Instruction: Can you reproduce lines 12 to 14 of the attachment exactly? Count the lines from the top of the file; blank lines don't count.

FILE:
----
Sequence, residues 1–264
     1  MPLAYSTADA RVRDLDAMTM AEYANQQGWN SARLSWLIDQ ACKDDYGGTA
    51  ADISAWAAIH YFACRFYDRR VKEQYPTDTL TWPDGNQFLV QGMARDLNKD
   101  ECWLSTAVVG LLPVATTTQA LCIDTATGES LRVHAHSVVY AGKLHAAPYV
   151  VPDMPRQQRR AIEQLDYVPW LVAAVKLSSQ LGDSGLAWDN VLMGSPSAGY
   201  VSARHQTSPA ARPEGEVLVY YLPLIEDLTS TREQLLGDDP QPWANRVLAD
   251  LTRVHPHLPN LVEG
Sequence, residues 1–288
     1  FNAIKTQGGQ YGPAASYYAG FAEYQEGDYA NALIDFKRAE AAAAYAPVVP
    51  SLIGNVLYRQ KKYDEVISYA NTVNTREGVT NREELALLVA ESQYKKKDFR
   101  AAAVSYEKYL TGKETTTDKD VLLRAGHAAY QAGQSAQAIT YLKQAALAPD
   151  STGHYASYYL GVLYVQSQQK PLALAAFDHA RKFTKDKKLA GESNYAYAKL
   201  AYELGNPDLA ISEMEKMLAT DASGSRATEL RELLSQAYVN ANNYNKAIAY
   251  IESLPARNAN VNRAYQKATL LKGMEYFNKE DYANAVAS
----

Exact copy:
   151  STGHYASYYL GVLYVQSQQK PLALAAFDHA RKFTKDKKLA GESNYAYAKL
   201  AYELGNPDLA ISEMEKMLAT DASGSRATEL RELLSQAYVN ANNYNKAIAY
   251  IESLPARNAN VNRAYQKATL LKGMEYFNKE DYANAVAS